PREVIOUS QUESTION:

 

NEXT QUESTION:

 

How does tailored medicine work?

ANSWER

There are many ways a doctor can tailor your treatment plan. She might:

Doctors can also use your individual and family health history, things in your lifestyle like diet and exercise habits, and environmental exposures to decide on the right treatment for you.

  • Look at your genes to decide if a medication will work for you.
  • Test cells in your tumor to find out what kind of treatment to use.
  • Do a genetic test to see if you have changes that make it more likely for you to get certain diseases.

From: What Is Tailored Medicine? WebMD Medical Reference

SOURCES:

The White House: "Fact Sheet: President Obama's Precision Medicine Initiative.”

National Institutes of Health/All of Us Research Program: "About the Precision Medicine Initiative," “Data and Research Center.”

American Cancer Society: “Personalized Medicine: Redefining Cancer and Its Treatment.”

Elizabeth A. McGlynn, PhD, vice president, Kaiser Permanente Research, Oakland, CA.

Milan Radovich, PhD, medical co-director, Indiana University/IU Health Precision Genomics Program, Indianapolis.

Eric Dishman, director, All of Us Research Program, National Institutes of Health.

NIH Genetics Home Reference: "Do all gene mutations affect health and development?"

University of Utah Genetic Science Learning Center: "More Examples of Precision Medicine in Action."

Stefan C. Grant, MD, associate professor, hematology & oncology, Wake Forest Baptist Medical Center, Winston-Salem, NC.

Intermountain Healthcare: "Talking to Your Doctor: Precision Medicine."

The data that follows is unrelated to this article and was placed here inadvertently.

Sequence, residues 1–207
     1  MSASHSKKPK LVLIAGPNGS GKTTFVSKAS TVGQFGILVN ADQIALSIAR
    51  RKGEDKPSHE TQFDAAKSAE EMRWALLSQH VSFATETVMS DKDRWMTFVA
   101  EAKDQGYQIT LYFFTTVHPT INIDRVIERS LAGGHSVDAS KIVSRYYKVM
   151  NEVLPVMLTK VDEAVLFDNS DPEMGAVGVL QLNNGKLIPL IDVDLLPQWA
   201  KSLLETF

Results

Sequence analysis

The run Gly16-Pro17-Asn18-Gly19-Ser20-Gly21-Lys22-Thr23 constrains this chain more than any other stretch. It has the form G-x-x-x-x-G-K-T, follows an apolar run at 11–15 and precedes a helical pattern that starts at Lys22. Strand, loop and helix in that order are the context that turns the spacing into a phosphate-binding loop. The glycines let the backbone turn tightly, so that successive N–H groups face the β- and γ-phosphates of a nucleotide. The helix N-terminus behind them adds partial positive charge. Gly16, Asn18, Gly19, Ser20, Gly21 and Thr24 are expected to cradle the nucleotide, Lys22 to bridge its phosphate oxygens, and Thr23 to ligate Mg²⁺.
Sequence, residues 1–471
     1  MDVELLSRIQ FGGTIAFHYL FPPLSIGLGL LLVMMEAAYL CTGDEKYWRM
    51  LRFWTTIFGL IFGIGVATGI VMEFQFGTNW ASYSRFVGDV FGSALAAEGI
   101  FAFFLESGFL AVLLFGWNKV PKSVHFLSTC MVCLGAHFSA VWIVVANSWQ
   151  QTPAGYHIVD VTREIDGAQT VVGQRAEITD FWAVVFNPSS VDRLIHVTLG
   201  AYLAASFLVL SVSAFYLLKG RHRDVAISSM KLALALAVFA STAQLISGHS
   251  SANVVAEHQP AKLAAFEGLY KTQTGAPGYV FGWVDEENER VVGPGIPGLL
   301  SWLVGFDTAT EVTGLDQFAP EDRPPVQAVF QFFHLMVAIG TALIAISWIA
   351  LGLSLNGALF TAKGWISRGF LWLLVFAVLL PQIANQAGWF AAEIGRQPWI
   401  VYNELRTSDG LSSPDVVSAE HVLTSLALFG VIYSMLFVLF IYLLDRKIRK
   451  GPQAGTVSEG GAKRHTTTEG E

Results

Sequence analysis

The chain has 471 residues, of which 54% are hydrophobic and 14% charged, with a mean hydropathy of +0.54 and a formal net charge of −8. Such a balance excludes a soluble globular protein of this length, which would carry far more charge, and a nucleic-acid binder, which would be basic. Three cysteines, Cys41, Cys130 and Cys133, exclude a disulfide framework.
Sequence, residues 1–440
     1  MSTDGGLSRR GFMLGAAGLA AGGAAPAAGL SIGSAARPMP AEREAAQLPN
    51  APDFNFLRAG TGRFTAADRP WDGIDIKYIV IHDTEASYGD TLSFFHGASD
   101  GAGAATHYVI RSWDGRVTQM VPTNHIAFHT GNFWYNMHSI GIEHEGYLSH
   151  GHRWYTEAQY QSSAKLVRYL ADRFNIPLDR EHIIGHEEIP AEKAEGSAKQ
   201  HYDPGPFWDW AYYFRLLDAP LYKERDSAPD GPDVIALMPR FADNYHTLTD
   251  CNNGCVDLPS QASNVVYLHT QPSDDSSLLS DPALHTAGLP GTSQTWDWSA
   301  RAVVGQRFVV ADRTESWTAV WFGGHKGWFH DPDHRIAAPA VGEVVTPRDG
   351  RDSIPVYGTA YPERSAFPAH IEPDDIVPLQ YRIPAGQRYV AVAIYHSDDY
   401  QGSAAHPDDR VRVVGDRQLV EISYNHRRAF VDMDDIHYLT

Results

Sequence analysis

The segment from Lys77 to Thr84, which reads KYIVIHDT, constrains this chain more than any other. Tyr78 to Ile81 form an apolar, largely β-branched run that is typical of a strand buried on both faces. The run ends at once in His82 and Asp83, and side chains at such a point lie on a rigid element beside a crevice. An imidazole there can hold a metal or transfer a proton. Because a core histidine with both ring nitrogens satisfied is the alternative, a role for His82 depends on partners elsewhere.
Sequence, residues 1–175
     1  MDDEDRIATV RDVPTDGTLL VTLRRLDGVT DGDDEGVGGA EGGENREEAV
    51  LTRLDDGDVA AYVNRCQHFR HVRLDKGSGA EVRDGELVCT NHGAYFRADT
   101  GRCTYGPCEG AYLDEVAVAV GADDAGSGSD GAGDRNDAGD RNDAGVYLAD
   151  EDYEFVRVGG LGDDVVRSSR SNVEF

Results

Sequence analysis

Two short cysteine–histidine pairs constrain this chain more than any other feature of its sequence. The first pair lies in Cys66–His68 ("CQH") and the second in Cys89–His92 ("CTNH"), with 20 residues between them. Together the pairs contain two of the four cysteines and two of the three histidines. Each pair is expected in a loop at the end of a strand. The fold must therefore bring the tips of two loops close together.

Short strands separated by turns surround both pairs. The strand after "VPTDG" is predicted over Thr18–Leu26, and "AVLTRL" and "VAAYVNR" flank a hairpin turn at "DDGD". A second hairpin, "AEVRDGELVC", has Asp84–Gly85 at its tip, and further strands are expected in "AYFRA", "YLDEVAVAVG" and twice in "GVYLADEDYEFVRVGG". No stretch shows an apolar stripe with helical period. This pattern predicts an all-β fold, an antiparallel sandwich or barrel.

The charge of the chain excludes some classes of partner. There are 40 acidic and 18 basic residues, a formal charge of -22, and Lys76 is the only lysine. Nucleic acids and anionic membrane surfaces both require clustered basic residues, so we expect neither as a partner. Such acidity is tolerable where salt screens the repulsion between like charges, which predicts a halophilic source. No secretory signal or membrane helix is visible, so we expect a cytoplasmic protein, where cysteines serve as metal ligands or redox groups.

Reviewed by Neha Pathak on January 23, 2019

SOURCES:

The White House: "Fact Sheet: President Obama's Precision Medicine Initiative.”

National Institutes of Health/All of Us Research Program: "About the Precision Medicine Initiative," “Data and Research Center.”

American Cancer Society: “Personalized Medicine: Redefining Cancer and Its Treatment.”

Elizabeth A. McGlynn, PhD, vice president, Kaiser Permanente Research, Oakland, CA.

Milan Radovich, PhD, medical co-director, Indiana University/IU Health Precision Genomics Program, Indianapolis.

Eric Dishman, director, All of Us Research Program, National Institutes of Health.

NIH Genetics Home Reference: "Do all gene mutations affect health and development?"

University of Utah Genetic Science Learning Center: "More Examples of Precision Medicine in Action."

Stefan C. Grant, MD, associate professor, hematology & oncology, Wake Forest Baptist Medical Center, Winston-Salem, NC.

Intermountain Healthcare: "Talking to Your Doctor: Precision Medicine."

Reviewed by Neha Pathak on January 23, 2019

NEXT QUESTION:

How can nongenetic information help with tailored medicine?

WAS THIS ANSWER HELPFUL

"ALEXA, ASK WEBMD"

THIS TOOL DOES NOT PROVIDE MEDICAL ADVICE. It is intended for general informational purposes only and does not address individual circumstances. It is not a substitute for professional medical advice, diagnosis or treatment and should not be relied on to make decisions about your health. Never ignore professional medical advice in seeking treatment because of something you have read on the WebMD Site. If you think you may have a medical emergency, immediately call your doctor or dial 911.

    This tool does not provide medical advice. See additional information.